Okracoke Island, looking north.

From Okracoke looking west.

Okracoke Island, N.C. Superior in all ways. Looking South.

We got a 4×4 vehicle beach pass. I HIGHLY recommend it; this is our approach to “Shelly Beach” near Hatteras light house.

My view from our rental hovel. Full moon rising.

The drive in, once you clear Nags Head. Totally natural.


It was glorious. It was some of the most primitive and expansive beaches I’ve ever seen. It rivaled the Pacific Coast in its big sky, boundlessness. I never felt so small and yet so alive at the same time. They say that there are more stars in the sky than there are grains of sand ALL OVER our Earth. I’m good with that now. It used to intimidate me because I would think, “Why bother?” But now, the obligation to be a person of purpose — no matter what that is: trash picker, photographer, pasta cooker, laundry folder… is too great. The odds that we are here because God, the fates, the universe deemed it, are too fine. We must live well. It’s our duty. Just do it with love.  

The weather was sublime, the people were kind and patient and everyone was on vacation — even seemingly so the people who were working. The owner at Uncle Eddy’s mini golf and custard, a Texan at heart, was all North Carolina sunshine and fleecy clouds. His young co-worker, a bespectacled ginger with an odd personality who took it upon herself to tell me about the houses she had just cleaned the day before, “One has six bathrooms, two of those with a bidet, and eight bedrooms. It’s real nice, it’s got granite counters and stainless steel kitchen and a hot tub and a pool. Hardwoods in the foyay and marble floors in the kitchen (ouch, sounds like it should be the other way around and in Manhattan). Each bathtub is a jacuzzi (back when those were in vogue I guess) and the carpet is real nice. Chandeliers and giant windows… I don’t do windows…” Of course not.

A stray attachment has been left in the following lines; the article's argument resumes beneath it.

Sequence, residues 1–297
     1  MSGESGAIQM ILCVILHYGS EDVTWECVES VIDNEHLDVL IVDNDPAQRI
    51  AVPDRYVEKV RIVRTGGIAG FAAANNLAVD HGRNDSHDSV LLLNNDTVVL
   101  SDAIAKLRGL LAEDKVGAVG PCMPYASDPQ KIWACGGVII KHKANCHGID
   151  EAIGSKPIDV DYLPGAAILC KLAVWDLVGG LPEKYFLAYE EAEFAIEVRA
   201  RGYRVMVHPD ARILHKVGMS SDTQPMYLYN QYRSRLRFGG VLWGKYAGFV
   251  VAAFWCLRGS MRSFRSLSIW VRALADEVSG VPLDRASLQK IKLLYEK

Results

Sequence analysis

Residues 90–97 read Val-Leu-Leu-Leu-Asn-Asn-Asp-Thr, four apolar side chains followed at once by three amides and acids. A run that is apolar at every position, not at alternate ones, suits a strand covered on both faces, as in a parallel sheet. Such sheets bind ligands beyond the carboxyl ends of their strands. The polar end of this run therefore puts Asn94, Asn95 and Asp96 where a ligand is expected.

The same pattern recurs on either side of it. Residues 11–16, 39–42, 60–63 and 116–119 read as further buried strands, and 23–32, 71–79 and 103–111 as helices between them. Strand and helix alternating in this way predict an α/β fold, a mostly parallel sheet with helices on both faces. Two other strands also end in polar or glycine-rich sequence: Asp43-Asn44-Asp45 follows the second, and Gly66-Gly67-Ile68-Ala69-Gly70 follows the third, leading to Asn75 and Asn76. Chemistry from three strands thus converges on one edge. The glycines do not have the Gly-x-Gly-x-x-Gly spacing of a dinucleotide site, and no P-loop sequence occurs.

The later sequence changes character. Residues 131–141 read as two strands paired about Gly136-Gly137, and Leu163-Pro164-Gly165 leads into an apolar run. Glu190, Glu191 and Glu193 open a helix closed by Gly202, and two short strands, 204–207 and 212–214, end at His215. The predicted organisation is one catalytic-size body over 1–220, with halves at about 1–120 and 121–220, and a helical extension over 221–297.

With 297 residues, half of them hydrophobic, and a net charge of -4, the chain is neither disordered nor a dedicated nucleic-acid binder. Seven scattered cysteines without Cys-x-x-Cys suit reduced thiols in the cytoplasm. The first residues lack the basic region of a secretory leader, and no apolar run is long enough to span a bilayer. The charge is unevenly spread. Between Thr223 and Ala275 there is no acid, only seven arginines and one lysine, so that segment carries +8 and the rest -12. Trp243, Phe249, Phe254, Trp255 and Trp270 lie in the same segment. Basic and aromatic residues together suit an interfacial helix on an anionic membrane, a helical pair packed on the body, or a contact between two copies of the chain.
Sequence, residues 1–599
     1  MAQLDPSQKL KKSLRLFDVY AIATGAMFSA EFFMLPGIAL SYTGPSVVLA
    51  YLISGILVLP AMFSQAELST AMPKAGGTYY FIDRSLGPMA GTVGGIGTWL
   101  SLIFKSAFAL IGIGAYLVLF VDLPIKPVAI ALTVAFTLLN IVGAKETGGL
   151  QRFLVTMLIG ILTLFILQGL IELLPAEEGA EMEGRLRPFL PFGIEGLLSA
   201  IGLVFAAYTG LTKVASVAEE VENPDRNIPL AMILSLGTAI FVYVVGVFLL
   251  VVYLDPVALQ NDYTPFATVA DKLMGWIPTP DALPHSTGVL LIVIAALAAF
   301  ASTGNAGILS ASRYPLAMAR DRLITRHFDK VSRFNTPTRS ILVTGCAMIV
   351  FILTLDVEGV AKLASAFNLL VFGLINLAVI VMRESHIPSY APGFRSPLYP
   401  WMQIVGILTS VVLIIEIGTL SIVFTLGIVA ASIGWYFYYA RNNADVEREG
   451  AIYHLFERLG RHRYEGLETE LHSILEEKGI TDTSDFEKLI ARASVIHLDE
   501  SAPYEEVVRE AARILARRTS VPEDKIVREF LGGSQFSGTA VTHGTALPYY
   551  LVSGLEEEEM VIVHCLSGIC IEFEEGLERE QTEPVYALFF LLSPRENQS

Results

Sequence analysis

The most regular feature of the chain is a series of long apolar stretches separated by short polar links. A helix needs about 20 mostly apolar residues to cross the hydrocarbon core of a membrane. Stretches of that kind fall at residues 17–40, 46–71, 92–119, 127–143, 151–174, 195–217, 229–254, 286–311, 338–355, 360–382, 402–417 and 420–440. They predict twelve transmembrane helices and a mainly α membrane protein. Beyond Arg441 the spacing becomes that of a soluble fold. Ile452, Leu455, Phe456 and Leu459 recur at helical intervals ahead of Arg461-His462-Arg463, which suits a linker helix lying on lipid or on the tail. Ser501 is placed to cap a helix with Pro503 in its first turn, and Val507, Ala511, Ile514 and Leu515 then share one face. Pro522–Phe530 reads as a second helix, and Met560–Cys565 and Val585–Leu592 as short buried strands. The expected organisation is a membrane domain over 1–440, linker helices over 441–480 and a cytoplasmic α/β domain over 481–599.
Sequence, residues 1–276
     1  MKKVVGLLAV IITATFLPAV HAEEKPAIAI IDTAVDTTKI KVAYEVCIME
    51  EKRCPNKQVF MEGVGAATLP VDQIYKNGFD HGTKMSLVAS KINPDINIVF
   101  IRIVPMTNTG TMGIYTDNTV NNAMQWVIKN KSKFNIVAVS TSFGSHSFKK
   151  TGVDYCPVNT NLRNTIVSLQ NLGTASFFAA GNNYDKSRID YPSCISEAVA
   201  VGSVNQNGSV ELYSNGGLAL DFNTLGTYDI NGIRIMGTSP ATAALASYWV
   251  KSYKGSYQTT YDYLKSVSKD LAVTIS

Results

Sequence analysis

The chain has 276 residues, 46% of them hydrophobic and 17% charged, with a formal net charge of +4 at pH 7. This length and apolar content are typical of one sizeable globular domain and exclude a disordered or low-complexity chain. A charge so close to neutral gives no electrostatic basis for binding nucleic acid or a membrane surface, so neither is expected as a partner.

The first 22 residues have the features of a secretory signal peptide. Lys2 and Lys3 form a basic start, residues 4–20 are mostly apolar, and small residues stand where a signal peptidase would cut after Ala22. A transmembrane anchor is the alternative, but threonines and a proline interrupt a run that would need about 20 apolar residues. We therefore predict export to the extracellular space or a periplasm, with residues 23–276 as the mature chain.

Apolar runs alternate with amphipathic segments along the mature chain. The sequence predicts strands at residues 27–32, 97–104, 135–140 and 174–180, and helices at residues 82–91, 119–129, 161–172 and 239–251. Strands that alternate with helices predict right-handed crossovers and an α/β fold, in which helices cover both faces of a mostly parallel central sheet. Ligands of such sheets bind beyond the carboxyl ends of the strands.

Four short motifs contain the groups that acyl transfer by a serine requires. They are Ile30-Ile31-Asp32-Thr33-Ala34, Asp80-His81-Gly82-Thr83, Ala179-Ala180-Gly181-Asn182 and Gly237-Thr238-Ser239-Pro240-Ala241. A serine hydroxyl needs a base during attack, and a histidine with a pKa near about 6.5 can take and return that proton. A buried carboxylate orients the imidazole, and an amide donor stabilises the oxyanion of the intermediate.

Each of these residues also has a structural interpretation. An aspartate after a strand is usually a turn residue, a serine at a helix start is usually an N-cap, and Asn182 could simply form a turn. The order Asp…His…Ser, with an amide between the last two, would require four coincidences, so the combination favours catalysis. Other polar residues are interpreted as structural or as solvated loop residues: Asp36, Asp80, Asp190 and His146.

As we were in our hovel, compared to the place she mentioned, I marveled at the austerity of the place and how important that austerity is to truly let the mind and the spirit relax and retune. There were maybe no cookbooks anywhere and maybe a handful of family portraits. The “artwork” (mostly cheap prints from shops on NC-12, the main road in and out of OBX) depicting dolphins (thus denoted with the caption “D O L P H I N S” beneath) and wind-tamed dunes on the walls had all succumbed to the UV rays that blast through the glass facing the shore and had taken on that cream-pink-blue tone, where the image starts to fade / bleed into the empty space, a sure sign of the deterioration of the paper upon which they were printed. What was funny to me in retrospect is the placement of some of the images: they were also on scant mountable surface area of the very walls that faced the sea. Call me a jerk, but if the choice is between watching the rolling tide of the Atlantic, witnessing real  d o l p h i n s  actually do that thing they do when they swim, and watch the occasional flock of pelicans fly amidst the wind drift just above the water, versus glancing at artwork (shit or Renoir), I’ll choose the sea. So about that austerity thing: discern. If you’re going to decorate scantily, just do it well.